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21 November 2018

Changing the focus

by Berton Woodward

John LaPorta likes to tell the story of a little girl named Jenna whom he came upon in the Thames Valley Children’s Centre daycare early in his 24-year tenure there as CEO. Unable to move one side of her body, she lay on the floor crawling in an unending circle. “I had an ‘aha’ moment,” he says. “I realized, that’s what I’m here for—to ensure that this child has the best opportunity to grow and thrive and live her life as much as she possibly can. She became my reference point for every day of my career at the centre.”

Nearly a quarter of a century later, Jenna is 26 and thriving, and John has turned the centre into an international beacon of progressive thinking about children with special needs. At Thames Valley he led the creation of what is called the Life Needs Model, based on a family-centred approach that he says has been transformational. “We changed the focus from therapy being the end point to participation and quality of life being the end point.”

What does that mean for treatment? “In the family-centred approach, we’re not the authority—we’re very clear about that,” John explains. “Parents and the kids themselves are the drivers of their care. We can do assessments and offer a range of services for the family, but they select what works best in terms of the knowledge of their child and what’s going on in their life.”

John’s ideas have gained him considerable attention far from the centre’s base in London, Ontario. He has lectured all over the world, from Iceland and Norway to Australia, and published numerous articles and papers. Meanwhile the organization has expanded from a single building in London with 95 staff serving 2,500 patients annually to a $36 million enterprise in 14 locations in the region, with 350 staff supporting fully 9,000 young people each year.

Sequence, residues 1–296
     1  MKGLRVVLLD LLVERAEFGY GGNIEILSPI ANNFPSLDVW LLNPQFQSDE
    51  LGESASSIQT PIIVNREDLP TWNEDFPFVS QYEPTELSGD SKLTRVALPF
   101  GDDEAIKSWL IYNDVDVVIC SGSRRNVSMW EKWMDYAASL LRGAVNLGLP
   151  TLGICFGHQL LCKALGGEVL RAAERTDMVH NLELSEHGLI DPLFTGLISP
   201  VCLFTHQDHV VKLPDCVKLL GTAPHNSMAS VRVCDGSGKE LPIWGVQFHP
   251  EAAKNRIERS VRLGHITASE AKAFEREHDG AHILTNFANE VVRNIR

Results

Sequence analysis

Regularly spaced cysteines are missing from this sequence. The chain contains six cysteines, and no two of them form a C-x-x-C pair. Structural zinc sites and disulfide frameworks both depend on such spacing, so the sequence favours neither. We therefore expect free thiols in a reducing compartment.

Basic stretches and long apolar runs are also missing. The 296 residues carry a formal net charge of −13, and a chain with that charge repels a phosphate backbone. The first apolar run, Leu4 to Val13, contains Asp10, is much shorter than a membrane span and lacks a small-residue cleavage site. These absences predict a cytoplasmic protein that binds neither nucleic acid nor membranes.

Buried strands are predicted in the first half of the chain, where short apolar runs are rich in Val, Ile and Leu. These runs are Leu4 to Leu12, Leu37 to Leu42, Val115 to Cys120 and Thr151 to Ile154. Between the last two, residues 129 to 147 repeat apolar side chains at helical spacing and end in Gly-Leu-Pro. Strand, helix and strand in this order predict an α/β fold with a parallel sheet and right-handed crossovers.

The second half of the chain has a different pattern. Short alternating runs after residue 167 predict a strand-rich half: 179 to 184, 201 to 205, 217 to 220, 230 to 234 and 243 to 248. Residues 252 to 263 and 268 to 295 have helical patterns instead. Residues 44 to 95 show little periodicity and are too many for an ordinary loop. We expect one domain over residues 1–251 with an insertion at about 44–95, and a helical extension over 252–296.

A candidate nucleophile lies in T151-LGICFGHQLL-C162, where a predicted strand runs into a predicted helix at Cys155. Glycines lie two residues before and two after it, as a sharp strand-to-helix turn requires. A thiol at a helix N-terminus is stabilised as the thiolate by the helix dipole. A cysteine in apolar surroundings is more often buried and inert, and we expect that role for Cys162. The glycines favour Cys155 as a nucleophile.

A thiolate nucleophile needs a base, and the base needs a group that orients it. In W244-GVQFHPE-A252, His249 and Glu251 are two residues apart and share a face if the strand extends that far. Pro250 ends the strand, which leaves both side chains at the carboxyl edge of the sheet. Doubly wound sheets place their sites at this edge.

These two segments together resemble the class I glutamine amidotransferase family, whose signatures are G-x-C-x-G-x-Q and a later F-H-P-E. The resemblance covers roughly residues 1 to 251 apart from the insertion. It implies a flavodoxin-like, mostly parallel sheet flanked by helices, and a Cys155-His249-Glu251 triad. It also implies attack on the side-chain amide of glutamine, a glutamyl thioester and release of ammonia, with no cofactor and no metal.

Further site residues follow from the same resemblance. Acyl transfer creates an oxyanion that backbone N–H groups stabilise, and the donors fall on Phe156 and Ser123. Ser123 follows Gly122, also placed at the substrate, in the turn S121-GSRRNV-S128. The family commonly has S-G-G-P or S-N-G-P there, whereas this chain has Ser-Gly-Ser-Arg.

Recently, John announced he would retire in June 2019 after a full 25 years at Thames Valley. It has been a career of fascinating turns. Born and raised in the United States, he gained a sports scholarship in, yes, boxing to the University of Michigan at age 16, but found the environment too overwhelming. He headed across the border to the University of Windsor, meeting his Canadian wife in the process. After gaining a PhD in clinical psychology, he worked in five Toronto institutions serving children and youth before being tapped for Thames Valley.

One of John’s last major efforts is likely to be overseeing a brand change for the centre, designed to reflect the fact that it has expanded beyond the Thames Valley to four other counties in southwestern Ontario. After leaving, he plans to lecture part-time at Western University and Fanshawe College and start a small clinical practice for youth with intellectual limitations and borderline personality disorders. “It’s a niche group that doesn’t have much in the way of resources,” he says. As always, he will be helping those kids grow and thrive.
 Adult and 3 children smiling at camera Dr. LaPorta with Avery, Cooper and Dawson